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Ligament Reconstruction

Ligament Reconstruction

About Ligament Reconstruction

Ligament reconstruction may be your best treatment option if you’re experiencing joint instability, pain, and limited mobility. The board-certified surgeons at Los Angeles Orthopedic Surgery Specialists provide optimal care for numerous common orthopedic issues, including minimally invasive ligament reconstruction for sprains and tears not responding to conservative treatments. Call one of their offices in the Los Angeles area — Wilshire, East Los Angeles, Santa Fe Springs, Pico Rivera, Tarzana, Encino, Valencia, and Montebello, California — to schedule your evaluation today or request an appointment online. 

What is a ligament?

Ligaments are bands of tough, somewhat stretchy tissue that connect bones and provide joint stability. There are about 900 ligaments in the human body, and most are found in the arms, hands, legs, and feet. Ligaments also help keep the liver, intestines, uterus, and other internal organs in place.

The ligaments involving your joints prevent dislocation while allowing the joint to move in its intended direction. Your knee, for instance, has four major ligaments that prevent the joint from moving side to side or bending backward as you walk, run, or jump.

Ankle ligaments connect your foot to your lower leg and prevent your ankle from collapsing or twisting, while those in your thumb and hand help you grasp and hold objects. Ligaments in your shoulder help hold it in place and provide an extensive range of motion that allows you to rotate the shoulder joint in a full circle.

Why would I need ligament reconstruction?

Ligaments that connect bones and stabilize joints are vulnerable to arthritic changes, sprains, and other damage that can affect their ability to function normally.

A mild ligament injury typically responds well to rest, ice, and anti-inflammatory medications that reduce pain and promote healing within a few weeks. However, severely stretched or torn ligaments often require surgical reconstruction to restore joint stability and appropriate range of motion.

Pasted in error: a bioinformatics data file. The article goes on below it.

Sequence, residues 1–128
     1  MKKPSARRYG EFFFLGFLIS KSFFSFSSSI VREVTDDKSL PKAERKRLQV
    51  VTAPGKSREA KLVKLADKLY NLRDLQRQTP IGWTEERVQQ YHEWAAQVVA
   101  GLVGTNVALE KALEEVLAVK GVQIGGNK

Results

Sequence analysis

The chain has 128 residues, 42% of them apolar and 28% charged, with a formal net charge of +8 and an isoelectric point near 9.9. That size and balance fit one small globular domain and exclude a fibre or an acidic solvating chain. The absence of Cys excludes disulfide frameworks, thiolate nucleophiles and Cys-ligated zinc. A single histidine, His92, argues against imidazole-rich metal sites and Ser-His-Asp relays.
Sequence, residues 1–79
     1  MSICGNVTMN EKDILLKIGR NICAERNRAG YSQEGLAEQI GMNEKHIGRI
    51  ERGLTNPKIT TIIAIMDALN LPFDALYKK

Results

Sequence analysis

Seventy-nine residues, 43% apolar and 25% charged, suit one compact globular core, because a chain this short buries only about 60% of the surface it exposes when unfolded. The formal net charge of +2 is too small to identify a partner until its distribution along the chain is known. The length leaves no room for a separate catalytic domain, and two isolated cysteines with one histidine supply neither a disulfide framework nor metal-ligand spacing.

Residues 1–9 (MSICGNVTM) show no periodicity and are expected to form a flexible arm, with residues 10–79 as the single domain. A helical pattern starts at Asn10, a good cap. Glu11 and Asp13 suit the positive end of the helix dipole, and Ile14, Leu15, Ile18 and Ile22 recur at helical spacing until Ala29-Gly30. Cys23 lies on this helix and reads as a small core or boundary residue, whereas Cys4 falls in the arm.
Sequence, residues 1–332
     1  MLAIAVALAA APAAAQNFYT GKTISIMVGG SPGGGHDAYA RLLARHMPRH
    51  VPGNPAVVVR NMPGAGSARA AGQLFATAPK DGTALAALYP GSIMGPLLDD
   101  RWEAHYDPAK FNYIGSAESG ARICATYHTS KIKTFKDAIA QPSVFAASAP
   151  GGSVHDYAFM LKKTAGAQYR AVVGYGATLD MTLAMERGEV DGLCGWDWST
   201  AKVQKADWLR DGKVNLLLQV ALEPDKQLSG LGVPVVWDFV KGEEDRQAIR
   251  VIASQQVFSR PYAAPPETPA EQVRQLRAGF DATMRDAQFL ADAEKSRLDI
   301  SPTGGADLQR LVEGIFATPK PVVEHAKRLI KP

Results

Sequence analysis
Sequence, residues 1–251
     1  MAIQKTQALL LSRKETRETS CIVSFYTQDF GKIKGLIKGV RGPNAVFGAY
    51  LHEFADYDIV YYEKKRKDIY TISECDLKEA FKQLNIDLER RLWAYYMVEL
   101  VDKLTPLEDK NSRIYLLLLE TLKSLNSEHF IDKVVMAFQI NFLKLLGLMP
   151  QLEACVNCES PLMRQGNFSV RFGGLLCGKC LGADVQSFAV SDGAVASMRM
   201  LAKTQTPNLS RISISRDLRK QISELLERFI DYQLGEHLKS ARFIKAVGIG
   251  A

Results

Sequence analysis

Ligaments most often treated with reconstruction include the following:

  • Anterior cruciate ligament (ACL) in the knee
  • Posterior cruciate ligament (PCL) in the knee
  • Lateral (outer) ankle ligament
  • Carpometacarpal (CMC) ligament where the thumb meets the wrist

A stretched or weakened ligament may respond to suturing. However, replacement with tendon tissue from your own body (autograft) or donor tissue (allograft) is often necessary for partial or complete tendon tears.

What happens during ligament reconstruction surgery?

Your surgeon at Los Angeles Orthopedic Surgery Specialists discusses the procedure thoroughly before scheduling ligament reconstruction.

Generally, however, it’s a minimally invasive arthroscopic procedure performed via small puncture-like incisions or “portals” that your surgeon uses to insert a high-definition camera and surgical instruments. 

The benefits of arthroscopic surgery compared with open or traditional surgery include smaller incisions, decreased postsurgical pain, and quicker healing.

Full recovery following ligament reconstruction can take several months, during which you participate in a rehabilitation program designed to promote joint health and protect you from future injury.

Schedule an evaluation at Los Angeles Orthopedic Surgery Specialists today for personalized care designed to improve your mobility and orthopedic health. Call the office or request an appointment using their secure online service.